By Dan Steinbock
FORTUNE – For years, the market mantra was that emerging markets represented future growth. Lately, however, investors have pulled record levels of capital out of economies from Brazil to India. This is an overreaction; too many investors and analysts are focusing on short-term fluctuations rather than keeping their eye on emerging markets' longer-term prospects.
Though the sell-off has eased, emerging market funds experienced massive outflows soaring to more than $33 billion in the 15 weeks before February, according to Morgan Stanley.
Much of the turmoil has been driven by several events, including Argentina's faltering currency crisis, signs that China's economy is slowing down, as well as longstanding political unrest in Turkey, Ukraine, and Thailand. Investors grew risk averse, betting their money instead on advanced economies and ignoring some not-so-good data from the UK and the US. And the U.S. Federal Reserve's move to reduce its massive bond purchases didn't help either; it contributed to a global sell-off.
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Markets, however, eased this week when the world's major economies, including the U.S., pledged at the Group of 20 meeting that its central banks would be "mindful of impacts" of monetary policy settings, although the U.S. did not indicate any change in the Fed's current policy approach.
Nonetheless, if the volatility resurfaces in the near future, it does not indicate that investors are "returning" to the U.S., European or Japanese markets. Rather, it reflects investors' uncertainty in an era when advanced economies muddling their way amidst debt crises and emerging markets remain poorly understood.
Emerging markets are far from equal; they are diverse, and the problem is that investors tend to wrongly clump them together. In most emerging economies, GDP per capita, adjusted to purchasing power, varies from $2000 to $9,000 (China), or even $16,800 (Russia).
South Korea's GDP per capita, at $32,000, is far higher, above even the European Union's average, as well as other developed economies, including Italy and Spain. In Taiwan, GDP per capita is close to $39,000, which is about the same as in Sweden and Germany and higher than in the UK, Japan and France –not your typical emerging markets.
Even some of the most prestigious investment houses neglect these differences and other critical distinctions. The net effect is that they use highly complicated models to generate projections that have dubious value.
A lot of attention has been given to the so-called "fragile five": India, Indonesia, Brazil, Turkey, and South Africa. Markets have focused on the internal challenges of the fragile five, especially fiscal and current account deficits, falling growth, excessive inflation and political uncertainty. What markets have ignored is that the growth potential of emerging economies is affected by very different regional growth conditions, and different levels of economic development.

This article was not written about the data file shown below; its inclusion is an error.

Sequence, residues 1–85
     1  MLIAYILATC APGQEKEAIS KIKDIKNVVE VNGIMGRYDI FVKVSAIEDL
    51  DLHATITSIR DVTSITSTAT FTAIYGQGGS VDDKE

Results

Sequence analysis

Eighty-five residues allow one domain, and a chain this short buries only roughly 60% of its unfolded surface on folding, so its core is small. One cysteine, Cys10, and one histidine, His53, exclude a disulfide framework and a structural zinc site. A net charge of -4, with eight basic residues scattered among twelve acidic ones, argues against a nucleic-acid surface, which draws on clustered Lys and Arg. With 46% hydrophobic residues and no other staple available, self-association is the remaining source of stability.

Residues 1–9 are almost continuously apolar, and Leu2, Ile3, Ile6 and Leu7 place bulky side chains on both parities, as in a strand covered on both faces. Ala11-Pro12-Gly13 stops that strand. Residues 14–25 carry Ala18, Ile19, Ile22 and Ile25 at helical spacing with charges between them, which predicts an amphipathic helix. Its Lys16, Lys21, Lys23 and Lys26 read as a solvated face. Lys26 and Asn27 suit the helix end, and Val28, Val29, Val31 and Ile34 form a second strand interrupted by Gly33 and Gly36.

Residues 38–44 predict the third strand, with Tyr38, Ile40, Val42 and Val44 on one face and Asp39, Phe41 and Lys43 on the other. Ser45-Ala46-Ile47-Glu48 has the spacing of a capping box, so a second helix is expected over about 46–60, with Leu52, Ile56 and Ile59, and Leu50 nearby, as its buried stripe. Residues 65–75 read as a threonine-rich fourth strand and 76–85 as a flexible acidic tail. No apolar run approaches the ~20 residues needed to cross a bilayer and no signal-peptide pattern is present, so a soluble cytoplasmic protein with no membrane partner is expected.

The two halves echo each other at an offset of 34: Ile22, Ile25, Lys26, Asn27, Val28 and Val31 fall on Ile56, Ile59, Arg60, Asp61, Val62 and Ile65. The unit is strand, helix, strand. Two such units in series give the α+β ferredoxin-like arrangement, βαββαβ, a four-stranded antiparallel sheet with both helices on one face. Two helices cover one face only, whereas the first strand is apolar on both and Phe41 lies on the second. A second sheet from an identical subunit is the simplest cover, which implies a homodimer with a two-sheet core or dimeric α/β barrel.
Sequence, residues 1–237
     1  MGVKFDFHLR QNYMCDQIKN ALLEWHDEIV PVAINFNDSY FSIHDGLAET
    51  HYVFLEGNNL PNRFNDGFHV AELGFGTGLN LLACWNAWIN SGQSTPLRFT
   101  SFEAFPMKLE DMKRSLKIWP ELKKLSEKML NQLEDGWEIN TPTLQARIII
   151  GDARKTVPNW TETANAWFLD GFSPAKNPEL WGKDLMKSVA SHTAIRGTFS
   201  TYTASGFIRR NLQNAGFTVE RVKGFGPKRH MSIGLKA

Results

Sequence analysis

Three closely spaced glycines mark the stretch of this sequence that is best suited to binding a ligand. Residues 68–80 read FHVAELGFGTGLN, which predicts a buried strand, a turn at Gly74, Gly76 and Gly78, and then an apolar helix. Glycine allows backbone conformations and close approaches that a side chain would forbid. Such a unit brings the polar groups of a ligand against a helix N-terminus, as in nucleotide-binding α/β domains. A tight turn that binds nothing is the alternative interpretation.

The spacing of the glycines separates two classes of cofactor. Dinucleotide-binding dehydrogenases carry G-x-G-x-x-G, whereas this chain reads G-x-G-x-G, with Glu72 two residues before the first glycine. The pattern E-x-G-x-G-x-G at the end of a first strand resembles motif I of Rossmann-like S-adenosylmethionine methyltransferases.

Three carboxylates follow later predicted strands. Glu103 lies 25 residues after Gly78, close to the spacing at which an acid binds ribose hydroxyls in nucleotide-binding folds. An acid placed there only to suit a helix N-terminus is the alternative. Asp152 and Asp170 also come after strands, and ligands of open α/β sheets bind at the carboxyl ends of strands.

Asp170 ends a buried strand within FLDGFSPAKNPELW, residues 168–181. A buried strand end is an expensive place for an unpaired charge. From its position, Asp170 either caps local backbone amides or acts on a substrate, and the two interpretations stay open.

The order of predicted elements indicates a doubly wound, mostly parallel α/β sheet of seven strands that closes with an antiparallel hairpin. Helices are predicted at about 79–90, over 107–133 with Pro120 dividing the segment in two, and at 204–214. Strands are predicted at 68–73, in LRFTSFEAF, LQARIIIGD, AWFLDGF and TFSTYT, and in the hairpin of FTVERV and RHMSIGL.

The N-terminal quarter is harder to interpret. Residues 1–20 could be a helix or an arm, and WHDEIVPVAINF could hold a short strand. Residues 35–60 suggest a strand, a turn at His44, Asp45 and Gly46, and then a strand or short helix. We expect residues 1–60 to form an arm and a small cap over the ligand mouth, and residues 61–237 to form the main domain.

Moreover, these countries have been affected by economics factors abroad. Due to ties with the U.S., some have been exposed to "hot money" inflows in the past and the Fed's tapering today. Others have been affected by China's reduced growth prospects and the end of the commodity supercycle.
The real question is why the fragile five should be penalized only now, when many have been coping with structural challenges for quite a while.
Certainly, in the short-term, many face difficult trade-offs, though not necessarily the risk of a full-scale economic crisis. After all, today these economies have sounder banking and financial systems, tolerable debt ratios, flexible exchange rates and large reserves. In the medium- and long-term, they enjoy promising prospects, thanks to solid growth potential.
In the future, emerging economies will drive an increasing share of global growth. But it will not be a smooth ride. The promise of the potential growth is not identical with actual growth. Some countries will gain, others will lose.
However, investors who mistake short-term fluctuations with long-term potential have more to lose.
Dan Steinbock is research director of international business at India China and America Institute and visiting fellow at China-based Shanghai Institutes for International Studies and the Singapore-based EU Center. For more, see http://www.differencegroup.net
By Heidi N. Moore, contributor
Uncertainty: The Washington Post says that the death of Sen. Robert Byrd, 92, will further complicate the already byzantine road to financial reform. Related: The American Prospect says nothing, not even Byrd's death, will stop the course of financial reform. Related: At Harvard Business Review, Justin Fox reviews the ideas of financial reform versus its ideals.
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